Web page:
The Thorens 124
I just had to post a few words about how good these things are. I'm pretty stunned right now. I bought one here earlier this year with an SME 3009 arm for about $1300. Table in very good mechanic condition. No plinth. I bought a pretty basic baltic birch plinth on eBay for about $400 and got a couple Shure V15 carts. This weekend I finally re-lubed it with a kit I bought from a gent in Europe who sells this stuff and soldered an IC directly to the 3009. WOW - what a table.
Everybody knows what idlers are known for - that drive and dynamics. That's why so many like the old Lencos, Garrards, and Thorens idlers and spend so much time & money on restoration and massive plinths. But the thing about this table is it doesn't seem to need a massive plinth. This birch plinth weighs all of ten pounds - it's not huge and ugly at all (sorry, but the massive wood plinths are ugly). Apparently this is because the 124 (this is a 124 II) decouples the idler wheel with a belt - in a sense it could be called a hybrid approach but it has what makes idlers idlers - a heck of a strong motor and an idler wheel driving the platter.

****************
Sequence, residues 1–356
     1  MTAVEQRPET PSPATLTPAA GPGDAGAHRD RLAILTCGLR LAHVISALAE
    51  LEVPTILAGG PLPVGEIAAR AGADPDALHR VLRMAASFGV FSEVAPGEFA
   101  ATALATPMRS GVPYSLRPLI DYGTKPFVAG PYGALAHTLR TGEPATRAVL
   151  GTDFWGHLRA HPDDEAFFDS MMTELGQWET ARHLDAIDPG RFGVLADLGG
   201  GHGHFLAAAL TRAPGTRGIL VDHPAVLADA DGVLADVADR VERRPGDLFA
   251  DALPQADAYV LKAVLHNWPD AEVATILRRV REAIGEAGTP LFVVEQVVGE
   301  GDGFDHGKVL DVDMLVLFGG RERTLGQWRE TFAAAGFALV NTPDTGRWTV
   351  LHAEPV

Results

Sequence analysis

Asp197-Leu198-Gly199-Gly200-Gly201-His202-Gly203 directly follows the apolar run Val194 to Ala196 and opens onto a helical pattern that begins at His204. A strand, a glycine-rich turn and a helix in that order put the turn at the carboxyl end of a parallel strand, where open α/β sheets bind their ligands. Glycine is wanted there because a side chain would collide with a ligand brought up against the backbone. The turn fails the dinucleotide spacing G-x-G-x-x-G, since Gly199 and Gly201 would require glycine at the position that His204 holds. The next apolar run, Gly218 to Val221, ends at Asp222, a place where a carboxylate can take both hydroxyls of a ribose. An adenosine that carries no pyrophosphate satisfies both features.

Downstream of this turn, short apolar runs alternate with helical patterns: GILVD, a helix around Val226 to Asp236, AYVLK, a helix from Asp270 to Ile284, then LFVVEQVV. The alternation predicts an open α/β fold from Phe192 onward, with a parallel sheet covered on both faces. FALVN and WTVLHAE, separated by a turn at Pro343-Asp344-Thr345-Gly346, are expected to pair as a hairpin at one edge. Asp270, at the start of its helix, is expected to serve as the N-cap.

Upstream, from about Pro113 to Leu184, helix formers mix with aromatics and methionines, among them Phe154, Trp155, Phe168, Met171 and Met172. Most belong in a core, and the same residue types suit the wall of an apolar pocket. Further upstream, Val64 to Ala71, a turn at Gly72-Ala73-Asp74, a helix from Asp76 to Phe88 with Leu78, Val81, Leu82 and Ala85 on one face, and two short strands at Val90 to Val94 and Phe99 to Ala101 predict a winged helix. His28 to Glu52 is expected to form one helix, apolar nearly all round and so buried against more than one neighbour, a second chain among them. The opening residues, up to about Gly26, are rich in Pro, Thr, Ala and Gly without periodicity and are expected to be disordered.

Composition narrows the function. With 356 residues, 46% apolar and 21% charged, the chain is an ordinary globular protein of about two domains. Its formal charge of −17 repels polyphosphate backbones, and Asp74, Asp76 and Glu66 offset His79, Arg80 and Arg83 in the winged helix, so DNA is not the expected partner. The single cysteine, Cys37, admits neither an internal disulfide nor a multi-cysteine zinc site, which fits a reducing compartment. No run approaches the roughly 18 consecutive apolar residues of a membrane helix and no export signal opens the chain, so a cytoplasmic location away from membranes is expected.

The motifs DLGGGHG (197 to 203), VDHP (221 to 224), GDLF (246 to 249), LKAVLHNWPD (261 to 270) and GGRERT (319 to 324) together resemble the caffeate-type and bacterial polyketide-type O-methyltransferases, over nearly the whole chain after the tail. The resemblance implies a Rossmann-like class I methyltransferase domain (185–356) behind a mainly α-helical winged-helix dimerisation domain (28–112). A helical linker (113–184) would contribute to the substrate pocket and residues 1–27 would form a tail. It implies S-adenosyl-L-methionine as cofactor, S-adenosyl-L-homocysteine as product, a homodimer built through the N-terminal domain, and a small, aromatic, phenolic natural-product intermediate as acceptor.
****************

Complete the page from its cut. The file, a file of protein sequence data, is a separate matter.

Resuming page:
You have to marvel at the Swiss precision engineering visible with the platter off. It's gorgeous. After the spindle bearing was cleaned and re-lubed, I re-inserted the heavy platter and gave it a slight spin with my finger - I think it might have not stopped for three months so nonexistent is the apparent friction.
The table, with the plinth on its small rubber feet sitting on the top 2" shelf of my Mapleshade rack, is extremely quiet. Footfalls near the table are no problem. The "cheap" (< $150) Shure cart (with a replacement tip - eBay) is an amazing tracker, neutral, extended, and detailed.
This whole setup is under $2K. I previously owned a restored Lenco 75 in a massive, 80 lb slate plinth. That setup might (I am not sure) have been slightly superior - I'm not sure due to the time lapsed since I had it - but this one is surely in the same league.